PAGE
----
We also did some reading trying to discover if hermetically sealed cans of seeds were worth the extra dough.  Jury is still out on that.

We’ve got some 5-year old canned seeds and it might be an interesting home science project to see what kind of germination rate (not to be confused with German Nation rates on the economic side of the house),

Glamping or Prepping?

My buddy Gaye and Survival Hubby are on their first expedition into the wilds of upland Arizona in their new bumper-pull.

Gaye’s got an article on her site about the 10-benefits of “Me Time.”  Glamping is the hybridization of glamor and camping.

Elaine and I have talked about camping.

Every time I broach the subject she reminds me on what it was like living in the mountains of Utah, running a water-drilling rig, welding pipe, cooking on a wood stove, and washing the diapers for two of her boys in a cold-water creek.

Hard to fathom, I know.  She also doesn’t look like she was in the Army and can field-strip an M-16, either.

Point is, we have these discussions and she’ll ask pertinent questions.

How much a night for a decent hotel…like that Hilton in Grand Junction, Colorado with the great views?”

I have to think back, since I used some points on that one.  “I dunno…less than $200 a night for sure.”

And the cost of a camping trailer, new, with the options, cookware, glamping stuff?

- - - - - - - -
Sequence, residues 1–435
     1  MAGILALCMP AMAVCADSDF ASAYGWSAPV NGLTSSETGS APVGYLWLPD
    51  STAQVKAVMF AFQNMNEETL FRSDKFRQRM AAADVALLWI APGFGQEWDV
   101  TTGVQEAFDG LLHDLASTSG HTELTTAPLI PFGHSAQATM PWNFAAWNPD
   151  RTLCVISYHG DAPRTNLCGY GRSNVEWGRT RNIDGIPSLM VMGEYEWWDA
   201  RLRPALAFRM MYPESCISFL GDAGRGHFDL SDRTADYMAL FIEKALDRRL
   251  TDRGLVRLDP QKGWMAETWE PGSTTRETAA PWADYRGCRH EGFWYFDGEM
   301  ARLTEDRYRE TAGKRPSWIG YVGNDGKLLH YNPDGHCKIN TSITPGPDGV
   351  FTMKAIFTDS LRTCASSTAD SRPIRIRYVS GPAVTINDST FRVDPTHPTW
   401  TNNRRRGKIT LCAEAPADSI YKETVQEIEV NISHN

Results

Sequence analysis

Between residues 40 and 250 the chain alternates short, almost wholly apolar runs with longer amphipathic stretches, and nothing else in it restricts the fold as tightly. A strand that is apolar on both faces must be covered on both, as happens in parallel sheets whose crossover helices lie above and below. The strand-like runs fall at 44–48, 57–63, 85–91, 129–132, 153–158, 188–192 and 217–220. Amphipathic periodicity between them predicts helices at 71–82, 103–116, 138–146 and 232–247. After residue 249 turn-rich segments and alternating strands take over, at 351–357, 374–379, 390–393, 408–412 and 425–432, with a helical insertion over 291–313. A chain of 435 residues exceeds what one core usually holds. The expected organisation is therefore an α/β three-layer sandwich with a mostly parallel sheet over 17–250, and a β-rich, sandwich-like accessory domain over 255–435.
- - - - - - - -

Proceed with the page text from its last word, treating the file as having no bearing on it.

Again, I was stumped.  “I dunno, maybe $25K?”

“And for those people high-end Monaco-type diesel pushers?”

“Jeez…I dunno. $400K, maybe?

“So, 125-room nights in a good hotel.  Or, if we’re talking high-end RV 2,000 room-nights…”

Sure enough, she had a point.  “But what about the view and camping right on the edge of the lake?”

What about room service, movies, full bar downstairs, no dishes, and the golf course outside the lobby?

Seeing her point, I quickly changed topics.

But as a follow-up point to Irma and Harvey, I’d sure be interested to here first-hand reports of how the camper and RV crowd fared.

Especially with the power still out for so many.

Back-up, portable, well-stocked housing actually makes sense.

Especially if you can drive it to somewhere cooler like the Arizona uplands.

And double-especially if the fish are biting…  which, for Mrs. and Mr. Strategic, I hope they are.

The closest I’m likely to get is my outdoor cooking center on the deck.  One of our prepping items I’ve been saving for nuclear winter is about to come out of the box: A Camp Chef Camping Outdoor Oven with 2 Burner Camping Stove.

One of the best reasons for glamping, RV’ing, or even going fishing is that food tastes so much better outside. I don’t know what it is, but outside in the 50-70 temp range, something magical happens to taste.

Elaine acknowledges that, too.  Just so long as I clean up my mess and put things in the dishwasher when done.

And that gets us to the real question du jour:  How much of camping and RV’ing is driven by this food taste-change? Or is there a point to communing with Nature once in a while, to remember what it was like back in cave times?

Write when you get rich,